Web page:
The most common reason a urologic surgeon performs a nephrectomy is to remove a tumor from the kidney. These tumors are usually cancerous, but they can be noncancerous (benign). Sometimes a nephrectomy is needed because of other kidney diseases.
Most people have two kidneys — fist-sized organs located near the back of the upper abdomen. Your kidneys:
- Filter wastes and excess fluid and electrolytes from your blood
- Produce urine
- Maintain proper levels of minerals in your bloodstream
- Produce hormones that help regulate your blood pressure and that influence the number of circulating red blood cells
Often a urologic surgeon performs nephrectomy to remove a cancerous tumor or abnormal tissue growth in a kidney. The most common kidney cancer in adults, renal cell carcinoma, begins in the cells that line the small tubes within your kidneys.
Kidney tumors in children are rare. But when they occur, children are more likely to develop a type of kidney cancer called Wilms' tumor, probably caused by the poor development of kidney cells.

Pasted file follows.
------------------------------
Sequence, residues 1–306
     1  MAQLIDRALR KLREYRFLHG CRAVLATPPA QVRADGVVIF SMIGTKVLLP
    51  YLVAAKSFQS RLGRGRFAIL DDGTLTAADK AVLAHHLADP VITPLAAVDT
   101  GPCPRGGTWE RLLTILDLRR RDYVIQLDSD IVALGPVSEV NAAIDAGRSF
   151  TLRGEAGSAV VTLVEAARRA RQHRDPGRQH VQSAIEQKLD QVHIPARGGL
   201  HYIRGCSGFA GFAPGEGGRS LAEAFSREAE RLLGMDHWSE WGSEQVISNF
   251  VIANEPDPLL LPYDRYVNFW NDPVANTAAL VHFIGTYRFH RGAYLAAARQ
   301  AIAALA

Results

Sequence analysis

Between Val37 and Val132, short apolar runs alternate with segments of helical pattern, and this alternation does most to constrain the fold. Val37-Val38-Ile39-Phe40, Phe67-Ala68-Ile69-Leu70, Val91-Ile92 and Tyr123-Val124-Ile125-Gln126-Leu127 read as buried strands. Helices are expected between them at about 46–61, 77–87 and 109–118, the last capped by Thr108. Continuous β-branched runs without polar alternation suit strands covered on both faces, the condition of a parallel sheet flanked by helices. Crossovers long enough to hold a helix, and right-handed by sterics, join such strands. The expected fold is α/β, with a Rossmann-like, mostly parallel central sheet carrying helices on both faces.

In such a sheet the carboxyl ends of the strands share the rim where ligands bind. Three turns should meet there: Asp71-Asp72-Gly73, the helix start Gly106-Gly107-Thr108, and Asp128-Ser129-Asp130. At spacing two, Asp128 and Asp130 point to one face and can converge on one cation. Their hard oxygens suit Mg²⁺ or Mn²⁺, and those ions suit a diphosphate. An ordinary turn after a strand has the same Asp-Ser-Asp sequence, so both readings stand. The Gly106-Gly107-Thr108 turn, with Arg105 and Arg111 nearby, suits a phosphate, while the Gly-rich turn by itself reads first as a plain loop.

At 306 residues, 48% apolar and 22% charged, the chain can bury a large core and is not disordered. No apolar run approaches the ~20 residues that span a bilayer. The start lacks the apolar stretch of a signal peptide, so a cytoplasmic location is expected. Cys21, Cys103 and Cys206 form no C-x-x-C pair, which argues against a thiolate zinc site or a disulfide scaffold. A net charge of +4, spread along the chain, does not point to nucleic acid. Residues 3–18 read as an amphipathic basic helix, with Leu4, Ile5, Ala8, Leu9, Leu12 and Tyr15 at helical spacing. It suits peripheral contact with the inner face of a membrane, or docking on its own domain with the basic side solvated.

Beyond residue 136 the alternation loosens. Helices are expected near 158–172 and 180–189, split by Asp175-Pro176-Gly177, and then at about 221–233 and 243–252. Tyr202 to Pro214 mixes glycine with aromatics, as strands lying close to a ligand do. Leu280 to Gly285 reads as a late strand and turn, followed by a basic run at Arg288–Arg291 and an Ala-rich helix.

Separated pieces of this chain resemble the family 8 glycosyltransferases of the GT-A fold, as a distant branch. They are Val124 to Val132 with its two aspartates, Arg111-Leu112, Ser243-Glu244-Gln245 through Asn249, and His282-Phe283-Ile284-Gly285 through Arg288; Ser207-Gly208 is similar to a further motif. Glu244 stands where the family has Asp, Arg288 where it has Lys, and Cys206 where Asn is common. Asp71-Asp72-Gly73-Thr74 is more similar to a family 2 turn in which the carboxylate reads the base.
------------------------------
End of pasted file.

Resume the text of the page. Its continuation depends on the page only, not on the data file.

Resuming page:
The decision about how much kidney tissue to remove depends on:
- Whether a tumor is confined to the kidney
- Whether there is more than one tumor
- How much of the kidney is affected
- Whether the cancer affects nearby tissue
- How well the other kidney functions
- Whether other diseases affect kidney function
- Overall kidney function
The urologic surgeon makes a decision based on the results of imaging tests, which may include:
- Computerized tomography (CT), a specialized X-ray technology that produces images of thin cross-sectional views of soft tissues
- Magnetic resonance imaging (MRI), which uses a magnetic field and radio waves to produce cross-sectional views or 3-D images
- Ultrasound, an image of soft tissues produced with the use of sound waves
Treatment for other conditions
A partial or radical nephrectomy may be needed to remove severely damaged, scarred or nonfunctioning kidney tissue due to traumatic injury or other diseases.